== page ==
Projected Soy Carryout Up Sharply
The soybean market got a double dose of bearish news from USDA Jan. 12 when the agency raised its estimate of U.S. 2005-06 ending stocks by 100 million bushels, or nearly 25 percent, and also raised its estimate of world ending stocks by about 10.5 percent.
The soybean market was expecting a sizeable increase in the U.S. stocks projection, but few people thought it would be that large. USDA pegged soybean ending stocks at 505 million bushels compared with its December estimate of 405 million bushels and trade estimates averaging 453 million bushels in a range from 405-525 million bushels.
Projected world ending stocks were raised to 53.15 million metric tons (1.953 billion bushels). In addition to raising U.S. stocks, USDA raised Brazil’s projected ending stocks by 1.88 million metric tons due to larger production. The size of Brazil’s 2004-05 soybean crop was boosted to 53 million metric tons from 51 million. Projected ending stocks for Argentina were also raised again.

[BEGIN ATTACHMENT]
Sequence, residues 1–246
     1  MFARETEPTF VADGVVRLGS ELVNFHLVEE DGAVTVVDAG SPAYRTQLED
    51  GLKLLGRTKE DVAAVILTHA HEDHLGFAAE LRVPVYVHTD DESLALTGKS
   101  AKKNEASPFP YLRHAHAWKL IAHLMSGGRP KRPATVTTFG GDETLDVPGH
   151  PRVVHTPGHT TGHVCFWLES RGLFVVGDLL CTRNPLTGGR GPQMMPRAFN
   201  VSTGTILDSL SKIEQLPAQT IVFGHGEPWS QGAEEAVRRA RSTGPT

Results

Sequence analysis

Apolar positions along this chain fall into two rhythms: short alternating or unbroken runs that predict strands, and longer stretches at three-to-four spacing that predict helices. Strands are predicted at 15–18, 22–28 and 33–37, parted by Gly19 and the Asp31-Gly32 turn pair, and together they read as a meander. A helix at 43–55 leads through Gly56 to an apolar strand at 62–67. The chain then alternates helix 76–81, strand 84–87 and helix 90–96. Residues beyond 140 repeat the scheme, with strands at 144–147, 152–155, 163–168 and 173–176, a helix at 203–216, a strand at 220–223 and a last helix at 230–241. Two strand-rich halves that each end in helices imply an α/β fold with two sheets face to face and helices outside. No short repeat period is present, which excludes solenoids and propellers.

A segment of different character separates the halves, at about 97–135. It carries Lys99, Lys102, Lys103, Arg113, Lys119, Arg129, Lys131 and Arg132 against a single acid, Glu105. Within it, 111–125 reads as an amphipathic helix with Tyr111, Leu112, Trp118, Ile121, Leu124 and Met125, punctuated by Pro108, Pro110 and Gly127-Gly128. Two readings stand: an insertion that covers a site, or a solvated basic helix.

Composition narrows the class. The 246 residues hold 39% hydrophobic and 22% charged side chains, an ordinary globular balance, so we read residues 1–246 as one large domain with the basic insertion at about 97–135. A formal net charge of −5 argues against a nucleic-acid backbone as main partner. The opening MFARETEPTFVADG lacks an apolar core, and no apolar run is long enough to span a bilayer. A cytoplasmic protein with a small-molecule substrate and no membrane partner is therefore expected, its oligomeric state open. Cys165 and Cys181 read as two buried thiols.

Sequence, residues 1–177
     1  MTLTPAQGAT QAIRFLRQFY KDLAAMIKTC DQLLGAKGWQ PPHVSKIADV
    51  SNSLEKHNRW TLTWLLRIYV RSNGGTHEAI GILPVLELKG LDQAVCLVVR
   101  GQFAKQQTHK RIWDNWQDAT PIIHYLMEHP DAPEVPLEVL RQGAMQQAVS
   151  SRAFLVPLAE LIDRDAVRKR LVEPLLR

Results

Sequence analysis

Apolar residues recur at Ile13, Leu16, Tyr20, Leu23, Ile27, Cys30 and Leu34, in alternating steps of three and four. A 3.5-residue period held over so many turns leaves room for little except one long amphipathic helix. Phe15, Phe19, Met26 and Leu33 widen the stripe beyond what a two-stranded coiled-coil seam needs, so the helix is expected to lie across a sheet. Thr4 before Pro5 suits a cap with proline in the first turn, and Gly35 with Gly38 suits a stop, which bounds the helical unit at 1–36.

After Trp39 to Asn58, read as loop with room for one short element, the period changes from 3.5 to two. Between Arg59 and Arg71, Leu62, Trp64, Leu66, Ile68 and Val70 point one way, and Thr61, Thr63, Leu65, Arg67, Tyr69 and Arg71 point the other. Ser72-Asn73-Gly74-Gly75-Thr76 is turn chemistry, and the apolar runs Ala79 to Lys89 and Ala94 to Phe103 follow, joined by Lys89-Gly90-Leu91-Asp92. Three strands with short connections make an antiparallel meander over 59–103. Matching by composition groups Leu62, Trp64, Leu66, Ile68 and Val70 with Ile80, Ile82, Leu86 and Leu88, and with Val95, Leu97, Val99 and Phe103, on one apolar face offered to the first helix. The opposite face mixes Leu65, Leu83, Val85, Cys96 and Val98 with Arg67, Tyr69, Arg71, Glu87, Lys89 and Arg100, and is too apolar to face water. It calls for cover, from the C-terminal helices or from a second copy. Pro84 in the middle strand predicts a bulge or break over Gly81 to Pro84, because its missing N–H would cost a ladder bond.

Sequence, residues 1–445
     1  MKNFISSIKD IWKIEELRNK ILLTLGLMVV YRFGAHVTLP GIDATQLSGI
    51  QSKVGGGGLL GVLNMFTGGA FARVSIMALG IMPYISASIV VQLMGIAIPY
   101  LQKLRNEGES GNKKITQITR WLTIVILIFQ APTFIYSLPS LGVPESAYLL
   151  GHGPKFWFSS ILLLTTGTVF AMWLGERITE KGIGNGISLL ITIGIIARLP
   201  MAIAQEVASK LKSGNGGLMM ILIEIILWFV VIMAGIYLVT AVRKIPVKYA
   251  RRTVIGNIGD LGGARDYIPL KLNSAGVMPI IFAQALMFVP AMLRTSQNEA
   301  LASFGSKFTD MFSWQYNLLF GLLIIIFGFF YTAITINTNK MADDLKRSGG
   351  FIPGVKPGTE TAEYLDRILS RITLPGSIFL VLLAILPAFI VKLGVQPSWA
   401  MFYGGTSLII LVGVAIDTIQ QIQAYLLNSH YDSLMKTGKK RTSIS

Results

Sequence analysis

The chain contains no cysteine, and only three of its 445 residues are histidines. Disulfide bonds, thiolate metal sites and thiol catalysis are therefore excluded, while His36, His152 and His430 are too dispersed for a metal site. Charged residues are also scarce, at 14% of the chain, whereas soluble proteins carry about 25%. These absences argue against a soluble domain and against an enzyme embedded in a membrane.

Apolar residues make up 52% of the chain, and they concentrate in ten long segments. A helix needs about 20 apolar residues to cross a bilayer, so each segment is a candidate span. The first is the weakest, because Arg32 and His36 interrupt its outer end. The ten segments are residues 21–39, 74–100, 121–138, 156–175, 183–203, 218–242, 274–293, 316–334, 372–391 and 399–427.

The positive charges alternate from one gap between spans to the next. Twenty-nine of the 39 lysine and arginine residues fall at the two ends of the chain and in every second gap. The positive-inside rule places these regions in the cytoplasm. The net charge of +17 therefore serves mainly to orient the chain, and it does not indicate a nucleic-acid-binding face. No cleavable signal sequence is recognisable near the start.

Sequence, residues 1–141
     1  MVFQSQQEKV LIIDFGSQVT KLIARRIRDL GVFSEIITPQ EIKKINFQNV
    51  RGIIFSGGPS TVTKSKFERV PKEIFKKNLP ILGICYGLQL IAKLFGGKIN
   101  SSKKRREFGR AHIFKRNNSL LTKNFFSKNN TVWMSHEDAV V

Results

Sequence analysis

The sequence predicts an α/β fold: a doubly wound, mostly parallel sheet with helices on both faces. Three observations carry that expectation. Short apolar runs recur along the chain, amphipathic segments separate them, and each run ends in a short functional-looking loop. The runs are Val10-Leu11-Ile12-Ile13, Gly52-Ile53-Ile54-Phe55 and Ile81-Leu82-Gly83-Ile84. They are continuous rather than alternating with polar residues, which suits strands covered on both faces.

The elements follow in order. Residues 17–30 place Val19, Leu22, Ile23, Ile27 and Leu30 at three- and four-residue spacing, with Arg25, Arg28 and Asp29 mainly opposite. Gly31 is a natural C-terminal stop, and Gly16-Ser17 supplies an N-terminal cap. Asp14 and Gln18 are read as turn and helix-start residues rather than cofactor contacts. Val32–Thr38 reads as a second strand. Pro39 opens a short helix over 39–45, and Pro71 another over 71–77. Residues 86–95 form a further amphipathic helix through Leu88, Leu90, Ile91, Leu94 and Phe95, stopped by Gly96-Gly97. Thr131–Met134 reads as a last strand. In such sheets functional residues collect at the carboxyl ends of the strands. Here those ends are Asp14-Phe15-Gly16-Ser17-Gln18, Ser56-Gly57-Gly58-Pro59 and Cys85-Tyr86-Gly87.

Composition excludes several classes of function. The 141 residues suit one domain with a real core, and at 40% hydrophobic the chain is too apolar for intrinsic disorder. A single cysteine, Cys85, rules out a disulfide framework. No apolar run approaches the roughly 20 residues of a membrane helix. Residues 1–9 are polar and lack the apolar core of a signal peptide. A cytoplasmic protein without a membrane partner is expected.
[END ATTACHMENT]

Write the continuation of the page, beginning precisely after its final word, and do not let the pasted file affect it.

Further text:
At 505 million bushels, U.S. soybean ending stocks would be larger than in any other year on record except 1985-86 when they reached 536 million bushels.
Much of the increase was due to the continued slow pace of U.S. soybean export sales, as projected 2005-06 exports were cut by 70 million bushels to 950 million bushels. The new export estimate represents a drop of 13.9% from the previous year’s exports of 1.103 billion bushels.
The 2005 U.S. soybean crop estimate was also raised another 43 million bushels to 3.086 million bushels, which compared with trade estimates averaging 3.065 billion bushels in a range from 3.020-3.100 billion. The U.S. average soybean yield was bumped up to 43.3 bushels per acre from the November estimate of 42.7 bushels.
The Quarterly Grain Stocks report put Dec. 1 soybean stocks at 2.502 billion bushels, up 197 million bushels, or 8.5 percent, from a year earlier and above the high end of the range of trade estimates.
That stocks figure implies first quarter U.S. soybean usage of 844 million bushels, down from 937 million bushels during the first quarter of 2004-05. Stronger-than-expected export competition from South America was largely responsible for the slower usage.
The good news is that even with the large increases in projected ending stocks, USDA raised its projected range for the U.S. on-farm average price of soybeans to $5.10-$5.80 from $5.00-$5.70.
Editors note: Richard Brock, The Corn and Soybean Digest's Marketing Editor, is president of Brock Associates, a farm market advisory firm, and publisher of The Brock Report.
To see more market perspectives, visit Brock's Web site at www.brockreport.com.